Rising house prices provide homemover boost

The average deposit put down by a homemover in 2013 now stands at £76,398, which is an increase of 6% since 2012, from just under £72,000.

The average deposit of £76,398 equates to 33% of the average price paid by homemovers for their next property, and the average mortgage advance for a new homemover is £154,150; 41% higher than a decade ago (£109,496).

Not surprisingly homemovers in the capital put down the largest average deposit - £144,505 - 34% of the average property value. This is close to four times the average deposit put down by homemovers in Northern Ireland (£36,951 – the lowest).

The past year has seen the second successive annual increase in the number of homemovers (those purchasing with a mortgage who already own a property), with a rise of 3% from 2012 (326,600).

Two years ago in 2011, there were 315,600 homemover house purchases, 21,900 fewer than in 2013. Whilst this number has been growing in the past two years it is still 55% lower than the annual average between 2003 and 2007 (750,000).

Since 2008, the average price paid by a homemover has grown by 5%2 from £220,587 to £230,549 in 2013. Nationally, homemover property prices grew by 12%2 in the past year.

Marc Page, mortgages director of Lloyds Bank, said: “As house prices have increased over the last 12 months, we’re seeing more people look to take the next step on the housing ladder. Higher levels of equity are increasing the average deposits, with this figure now at over £75,000, and this, in turn, is giving homemovers more options.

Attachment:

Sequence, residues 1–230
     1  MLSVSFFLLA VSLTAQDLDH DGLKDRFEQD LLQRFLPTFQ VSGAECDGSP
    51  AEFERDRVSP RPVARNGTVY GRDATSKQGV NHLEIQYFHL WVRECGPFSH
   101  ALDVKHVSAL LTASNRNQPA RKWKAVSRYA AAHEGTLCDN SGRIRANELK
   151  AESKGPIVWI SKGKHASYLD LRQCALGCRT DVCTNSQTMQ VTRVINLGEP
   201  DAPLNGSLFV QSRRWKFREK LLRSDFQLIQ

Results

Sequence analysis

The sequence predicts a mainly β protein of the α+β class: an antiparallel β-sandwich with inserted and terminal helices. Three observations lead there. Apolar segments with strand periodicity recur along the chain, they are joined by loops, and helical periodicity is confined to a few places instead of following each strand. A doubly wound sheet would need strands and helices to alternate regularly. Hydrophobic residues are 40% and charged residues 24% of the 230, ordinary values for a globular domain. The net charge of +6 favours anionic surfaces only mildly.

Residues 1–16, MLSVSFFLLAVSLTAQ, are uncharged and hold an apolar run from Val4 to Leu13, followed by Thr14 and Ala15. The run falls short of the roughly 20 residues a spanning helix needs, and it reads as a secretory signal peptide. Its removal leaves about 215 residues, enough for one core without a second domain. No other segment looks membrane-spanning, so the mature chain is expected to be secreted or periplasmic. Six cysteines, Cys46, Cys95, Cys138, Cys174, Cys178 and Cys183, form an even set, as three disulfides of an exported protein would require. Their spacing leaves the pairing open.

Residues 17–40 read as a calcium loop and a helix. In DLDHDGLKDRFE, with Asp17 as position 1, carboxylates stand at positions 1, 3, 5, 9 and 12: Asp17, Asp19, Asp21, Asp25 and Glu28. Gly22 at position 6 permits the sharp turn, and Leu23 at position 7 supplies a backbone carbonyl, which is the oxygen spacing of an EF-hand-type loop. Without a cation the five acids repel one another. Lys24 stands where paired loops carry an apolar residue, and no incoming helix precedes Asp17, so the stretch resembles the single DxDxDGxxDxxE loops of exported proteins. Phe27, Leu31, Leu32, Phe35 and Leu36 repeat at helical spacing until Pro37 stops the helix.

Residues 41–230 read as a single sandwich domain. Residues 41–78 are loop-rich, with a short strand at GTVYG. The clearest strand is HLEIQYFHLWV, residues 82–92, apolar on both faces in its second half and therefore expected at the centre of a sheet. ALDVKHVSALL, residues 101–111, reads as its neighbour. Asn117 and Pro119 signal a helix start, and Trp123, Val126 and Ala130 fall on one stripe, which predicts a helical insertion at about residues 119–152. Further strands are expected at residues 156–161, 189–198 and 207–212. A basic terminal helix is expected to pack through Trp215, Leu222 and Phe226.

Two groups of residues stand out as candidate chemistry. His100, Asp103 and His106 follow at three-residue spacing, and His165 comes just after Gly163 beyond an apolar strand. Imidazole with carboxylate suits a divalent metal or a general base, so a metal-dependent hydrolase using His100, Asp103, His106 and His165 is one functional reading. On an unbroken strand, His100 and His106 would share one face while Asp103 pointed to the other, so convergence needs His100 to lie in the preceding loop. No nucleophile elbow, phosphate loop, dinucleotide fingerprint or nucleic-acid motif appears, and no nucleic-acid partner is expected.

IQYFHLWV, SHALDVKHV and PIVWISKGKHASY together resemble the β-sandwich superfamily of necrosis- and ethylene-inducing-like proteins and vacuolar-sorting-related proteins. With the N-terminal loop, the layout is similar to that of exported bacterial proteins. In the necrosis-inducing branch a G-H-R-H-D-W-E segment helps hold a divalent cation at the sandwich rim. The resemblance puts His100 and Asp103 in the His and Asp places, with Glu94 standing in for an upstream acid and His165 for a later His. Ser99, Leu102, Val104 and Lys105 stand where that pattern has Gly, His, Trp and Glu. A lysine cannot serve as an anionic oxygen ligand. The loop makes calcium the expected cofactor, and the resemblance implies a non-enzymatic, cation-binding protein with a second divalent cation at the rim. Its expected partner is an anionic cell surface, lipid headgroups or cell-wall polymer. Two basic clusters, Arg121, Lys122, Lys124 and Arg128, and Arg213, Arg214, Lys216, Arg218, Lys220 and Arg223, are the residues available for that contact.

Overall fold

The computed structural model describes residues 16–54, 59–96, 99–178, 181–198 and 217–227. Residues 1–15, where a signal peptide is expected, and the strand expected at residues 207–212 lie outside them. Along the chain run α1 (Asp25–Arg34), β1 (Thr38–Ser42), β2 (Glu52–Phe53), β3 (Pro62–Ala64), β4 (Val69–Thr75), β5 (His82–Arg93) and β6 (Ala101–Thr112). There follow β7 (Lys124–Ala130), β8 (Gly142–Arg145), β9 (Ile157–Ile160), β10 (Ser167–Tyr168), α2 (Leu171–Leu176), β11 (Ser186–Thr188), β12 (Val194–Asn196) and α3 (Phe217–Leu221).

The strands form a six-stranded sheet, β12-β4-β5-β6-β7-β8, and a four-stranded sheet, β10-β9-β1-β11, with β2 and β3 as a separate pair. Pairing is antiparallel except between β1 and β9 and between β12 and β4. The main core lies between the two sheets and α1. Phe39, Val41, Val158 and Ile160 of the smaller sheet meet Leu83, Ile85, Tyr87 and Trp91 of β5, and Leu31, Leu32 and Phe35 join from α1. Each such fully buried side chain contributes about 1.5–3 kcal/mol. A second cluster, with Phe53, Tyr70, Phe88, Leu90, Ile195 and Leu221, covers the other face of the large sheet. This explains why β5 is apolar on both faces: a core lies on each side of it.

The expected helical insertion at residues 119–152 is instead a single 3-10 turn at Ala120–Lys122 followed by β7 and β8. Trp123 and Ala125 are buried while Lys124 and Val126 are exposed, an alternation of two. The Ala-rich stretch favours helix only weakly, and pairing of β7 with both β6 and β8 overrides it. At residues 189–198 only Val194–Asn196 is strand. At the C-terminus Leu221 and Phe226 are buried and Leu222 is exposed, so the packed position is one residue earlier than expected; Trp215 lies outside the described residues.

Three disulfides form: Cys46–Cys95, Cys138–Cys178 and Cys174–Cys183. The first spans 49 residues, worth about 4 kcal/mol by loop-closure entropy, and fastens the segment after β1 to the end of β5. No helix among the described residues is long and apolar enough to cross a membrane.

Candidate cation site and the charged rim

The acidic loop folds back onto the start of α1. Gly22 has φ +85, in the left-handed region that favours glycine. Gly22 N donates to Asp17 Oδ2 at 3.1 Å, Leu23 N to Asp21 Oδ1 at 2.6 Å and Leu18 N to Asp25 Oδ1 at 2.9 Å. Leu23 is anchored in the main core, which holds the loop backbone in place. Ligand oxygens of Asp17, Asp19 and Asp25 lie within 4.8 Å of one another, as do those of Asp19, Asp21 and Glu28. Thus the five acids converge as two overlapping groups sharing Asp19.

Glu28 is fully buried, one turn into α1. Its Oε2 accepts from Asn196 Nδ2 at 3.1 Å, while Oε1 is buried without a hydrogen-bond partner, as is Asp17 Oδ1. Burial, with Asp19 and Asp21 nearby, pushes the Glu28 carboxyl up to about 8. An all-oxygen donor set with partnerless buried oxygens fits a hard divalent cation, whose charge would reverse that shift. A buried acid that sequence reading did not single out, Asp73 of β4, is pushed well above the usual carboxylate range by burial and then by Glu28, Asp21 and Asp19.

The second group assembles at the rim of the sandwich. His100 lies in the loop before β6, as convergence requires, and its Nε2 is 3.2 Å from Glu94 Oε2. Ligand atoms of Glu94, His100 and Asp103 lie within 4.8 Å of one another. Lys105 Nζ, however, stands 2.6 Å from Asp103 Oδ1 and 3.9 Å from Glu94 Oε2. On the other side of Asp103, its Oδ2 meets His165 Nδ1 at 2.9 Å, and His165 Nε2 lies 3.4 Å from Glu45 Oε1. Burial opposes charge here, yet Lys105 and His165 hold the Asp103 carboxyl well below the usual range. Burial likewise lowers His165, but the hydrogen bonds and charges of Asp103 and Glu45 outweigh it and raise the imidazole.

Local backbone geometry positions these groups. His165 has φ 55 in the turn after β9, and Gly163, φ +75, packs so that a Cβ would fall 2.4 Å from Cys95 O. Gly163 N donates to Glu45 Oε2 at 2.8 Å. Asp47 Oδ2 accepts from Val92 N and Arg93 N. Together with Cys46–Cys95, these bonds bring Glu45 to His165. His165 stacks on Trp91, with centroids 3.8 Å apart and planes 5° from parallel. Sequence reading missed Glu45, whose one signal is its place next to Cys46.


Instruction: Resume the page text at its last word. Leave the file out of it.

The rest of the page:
“This year we’ll see Help to Buy enable more homeowners to progress to the next rung of the ladder, and as a result we would again expect the number of homemovers to increase in 2014.”

Research shows that first time buyers typically stay in their first home for five years. Those Second Steppers that bought their first home five years ago in 2008, after the peak of the market are now, on average, estimated to have an equity level of £41,2864 - equivalent to 24% of the average price of a typical Second Stepper home5 (£174,240).

There is considerable variation in housing affordability between regions, with northern regions more affordable than southern regions for Second Steppers. This is largely a reflection of the lower prices for Second Stepper properties in the north.

The East Midlands (2.9), East Anglia (3.1) and the North (3.2) are the most affordable regions for those in their first home looking to take their next step on the property ladder. While London (6.0); South West (4.6) and South East (4.5) are the least affordable.

These jaws of affordability have widened since the last homemover review, where the East Midlands had a ratio of 3.1 and London 5.7.